Vote With Your Wallet
Today is a great day in the world of computer games. 10 years after the previous SimCity franchise game, SimCity 4, was released, a new instalment is being launched in the US of A. Simply titled “SimCity”, the new game brings a lot of changes from SimCity 4: Up-to-date 3D graphics, multiplayer, finite resources simulation, curved roads, a brand new simulation engine and much, much more. Many of the things SC4 players complained about have been addressed and the feedback from the closed beta tests and previews of the new SimCity have generally been positive.
The original SimCity game was one of the first simulation games I played as a kid and I can still remember having vivid dreams about it the night after I’d created my first city. What I’ve read about the game itself makes me want it and I want it bad. But I will not cave and give publisher Electronic Arts and developer Maxis my hard earned cash. No matter how much I want to lock myself in my man cave for a week to create the perfect utopian city, I will not buy SimCity. And here’s why.
SimCity uses an always-on DRM system. This means that you are required to have an active internet connection to be able to play the game. This is not a one-time activation DRM scheme, like some games use, but a requirement that your internet connection is stable enough for SimCity to regularly communicate with Electronic Arts’ servers. This even applies if you want to play a single player game: You need an active internet connection. If your internet connection is down for some reason, you will not be able to play at all, and if you have an unstable connection, you might run into another problem: If the game is not able to communicate with the DRM servers for a while, you will simply be dropped to the main menu and all your progress since your last save game will be lost.
But even though your internet connection might be fine and dandy, there’s another potential problem: The servers the game communicates with. Right now, on launch day, they are totally swamped with requests from eager gamers who have just bought SimCity and want to play. But many of them are greeted by a screen telling there’s a half an hour queue to even log on. This is, of course, a temporary problem that will solve itself in a couple of days when the worst rush has died down. But what happens in a couple of years, when EA decides to shut down the servers? Will you still be able to enjoy your $50 game or will you be unable to play even single player games because the DRM servers are offline? You can always hope that a patch that allows single player games without the need to communicate with the DRM servers are released, but there’s no way to tell if this will happen or not.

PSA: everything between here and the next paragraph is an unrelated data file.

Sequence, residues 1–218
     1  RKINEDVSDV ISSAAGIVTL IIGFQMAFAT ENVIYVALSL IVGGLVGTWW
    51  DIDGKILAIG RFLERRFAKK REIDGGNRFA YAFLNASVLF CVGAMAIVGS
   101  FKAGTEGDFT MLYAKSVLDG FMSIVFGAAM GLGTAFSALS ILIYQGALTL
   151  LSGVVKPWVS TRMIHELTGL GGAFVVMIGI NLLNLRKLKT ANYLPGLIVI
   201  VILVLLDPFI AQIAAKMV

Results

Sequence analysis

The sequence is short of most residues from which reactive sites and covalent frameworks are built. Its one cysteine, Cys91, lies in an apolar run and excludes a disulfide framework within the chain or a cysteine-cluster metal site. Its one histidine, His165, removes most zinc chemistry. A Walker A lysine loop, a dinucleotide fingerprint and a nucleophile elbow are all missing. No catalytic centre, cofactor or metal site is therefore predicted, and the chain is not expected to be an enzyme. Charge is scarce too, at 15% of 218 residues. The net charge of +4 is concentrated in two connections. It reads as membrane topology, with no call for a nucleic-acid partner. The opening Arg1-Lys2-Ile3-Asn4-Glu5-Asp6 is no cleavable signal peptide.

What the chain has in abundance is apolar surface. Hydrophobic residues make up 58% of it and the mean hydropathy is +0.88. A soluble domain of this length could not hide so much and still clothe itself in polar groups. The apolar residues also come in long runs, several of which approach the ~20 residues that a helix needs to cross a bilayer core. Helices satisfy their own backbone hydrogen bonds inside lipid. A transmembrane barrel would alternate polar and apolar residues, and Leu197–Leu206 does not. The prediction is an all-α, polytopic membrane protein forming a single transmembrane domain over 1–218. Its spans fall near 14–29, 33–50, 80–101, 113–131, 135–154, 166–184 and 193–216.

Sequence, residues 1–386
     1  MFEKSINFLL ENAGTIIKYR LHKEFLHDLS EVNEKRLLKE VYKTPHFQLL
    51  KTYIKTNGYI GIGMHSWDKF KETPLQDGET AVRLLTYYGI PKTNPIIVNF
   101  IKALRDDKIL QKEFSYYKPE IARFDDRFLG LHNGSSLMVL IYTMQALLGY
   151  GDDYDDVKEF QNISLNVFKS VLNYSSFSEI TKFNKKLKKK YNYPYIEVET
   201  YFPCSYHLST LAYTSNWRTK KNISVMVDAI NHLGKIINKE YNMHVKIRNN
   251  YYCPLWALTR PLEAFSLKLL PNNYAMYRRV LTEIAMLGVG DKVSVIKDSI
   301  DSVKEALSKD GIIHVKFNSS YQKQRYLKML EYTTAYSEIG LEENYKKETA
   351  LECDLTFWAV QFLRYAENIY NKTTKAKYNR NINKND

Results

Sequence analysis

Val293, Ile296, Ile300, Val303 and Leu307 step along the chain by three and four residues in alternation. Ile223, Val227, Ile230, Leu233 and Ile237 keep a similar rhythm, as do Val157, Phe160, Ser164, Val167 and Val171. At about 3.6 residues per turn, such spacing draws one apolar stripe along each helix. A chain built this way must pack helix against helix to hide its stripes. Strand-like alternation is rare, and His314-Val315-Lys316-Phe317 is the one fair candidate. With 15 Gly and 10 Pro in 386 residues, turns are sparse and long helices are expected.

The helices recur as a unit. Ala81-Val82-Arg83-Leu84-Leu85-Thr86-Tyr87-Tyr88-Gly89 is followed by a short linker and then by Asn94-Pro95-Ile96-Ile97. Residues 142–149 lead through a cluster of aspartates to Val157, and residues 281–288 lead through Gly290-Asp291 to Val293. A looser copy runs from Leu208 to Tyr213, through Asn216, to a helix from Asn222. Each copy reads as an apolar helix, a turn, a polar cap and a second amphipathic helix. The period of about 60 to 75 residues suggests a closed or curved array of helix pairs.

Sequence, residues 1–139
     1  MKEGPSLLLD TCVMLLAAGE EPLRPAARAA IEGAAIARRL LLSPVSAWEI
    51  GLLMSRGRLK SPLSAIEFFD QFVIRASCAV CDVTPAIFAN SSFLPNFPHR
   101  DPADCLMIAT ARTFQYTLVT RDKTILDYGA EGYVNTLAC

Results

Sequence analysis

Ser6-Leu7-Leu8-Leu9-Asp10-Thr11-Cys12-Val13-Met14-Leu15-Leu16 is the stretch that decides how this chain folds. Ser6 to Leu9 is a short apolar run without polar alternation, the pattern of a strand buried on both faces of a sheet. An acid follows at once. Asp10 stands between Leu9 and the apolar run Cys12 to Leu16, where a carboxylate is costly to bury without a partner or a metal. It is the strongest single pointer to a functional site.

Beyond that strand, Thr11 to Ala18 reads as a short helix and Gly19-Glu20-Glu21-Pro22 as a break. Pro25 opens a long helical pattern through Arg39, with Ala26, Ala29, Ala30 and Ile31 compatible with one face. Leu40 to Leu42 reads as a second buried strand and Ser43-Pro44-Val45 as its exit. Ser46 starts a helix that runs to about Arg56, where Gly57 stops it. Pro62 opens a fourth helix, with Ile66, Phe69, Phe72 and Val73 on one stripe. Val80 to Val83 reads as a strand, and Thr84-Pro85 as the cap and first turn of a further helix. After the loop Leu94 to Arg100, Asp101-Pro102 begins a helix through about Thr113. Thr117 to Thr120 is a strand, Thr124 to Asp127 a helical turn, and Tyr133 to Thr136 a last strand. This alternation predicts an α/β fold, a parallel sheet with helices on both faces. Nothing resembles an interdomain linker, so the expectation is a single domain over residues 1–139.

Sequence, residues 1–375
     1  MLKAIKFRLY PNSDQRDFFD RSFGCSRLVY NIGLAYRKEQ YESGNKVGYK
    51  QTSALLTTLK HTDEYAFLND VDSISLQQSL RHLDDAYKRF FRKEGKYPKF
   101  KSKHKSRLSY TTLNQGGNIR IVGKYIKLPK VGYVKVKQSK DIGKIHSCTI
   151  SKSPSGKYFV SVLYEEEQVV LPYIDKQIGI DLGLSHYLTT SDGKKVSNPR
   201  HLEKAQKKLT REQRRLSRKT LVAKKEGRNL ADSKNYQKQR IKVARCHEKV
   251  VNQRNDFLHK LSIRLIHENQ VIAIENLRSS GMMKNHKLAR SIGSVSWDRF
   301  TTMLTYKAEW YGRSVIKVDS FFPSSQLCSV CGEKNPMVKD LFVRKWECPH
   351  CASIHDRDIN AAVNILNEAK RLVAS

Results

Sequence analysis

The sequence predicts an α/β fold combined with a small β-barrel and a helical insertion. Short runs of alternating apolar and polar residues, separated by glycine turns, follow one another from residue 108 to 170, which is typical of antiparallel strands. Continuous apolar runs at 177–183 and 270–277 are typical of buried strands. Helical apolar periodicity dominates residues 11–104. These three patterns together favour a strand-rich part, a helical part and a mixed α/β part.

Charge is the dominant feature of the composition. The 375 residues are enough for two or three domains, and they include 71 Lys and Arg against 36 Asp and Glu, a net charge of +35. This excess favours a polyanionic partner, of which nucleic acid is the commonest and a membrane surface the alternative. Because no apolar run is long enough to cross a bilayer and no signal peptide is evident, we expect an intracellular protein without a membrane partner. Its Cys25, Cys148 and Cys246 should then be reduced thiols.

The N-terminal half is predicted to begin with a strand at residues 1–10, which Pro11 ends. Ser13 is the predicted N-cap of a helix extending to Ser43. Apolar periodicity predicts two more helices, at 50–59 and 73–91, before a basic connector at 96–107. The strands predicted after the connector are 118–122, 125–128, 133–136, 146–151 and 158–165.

Another feature of the new SimCity is cloud gaming. Your save games are not saved locally, but instead they are in the cloud. The cloud can be a wonderful place. DropBox is a great example: You upload your files to the cloud and BAM! they are available practically everywhere, on every device with an internet connection. Problems will arise, however, if you need your files and you don’t have an internet connection or DropBox is offline. You better hope you have the file stored offline somewhere!
The cloud used in SimCity is a fragmented “cloud”. If you start to play on, say, one of the North American “clouds”, but then decide to, for some reason (maybe your favourite server is offline) to play on another one, your save games will not be transferred. And what happens when EA turns off the servers you were playing on? Will your save games be lost for ever?
Always-on DRM and cloud gaming without local copies are a major pain. Together with pay-to-win downloadable content, they are the god damn plague of the gaming industry.
If you share my opinions on always-on DRM and cloud gaming and think they are bad for the future of gaming, do like me: Talk a language publishers and developers actually understand. Don’t buy their games. I’ll leave you with the words of the one and only TotalBiscuit and his thoughts on always-on DRM:
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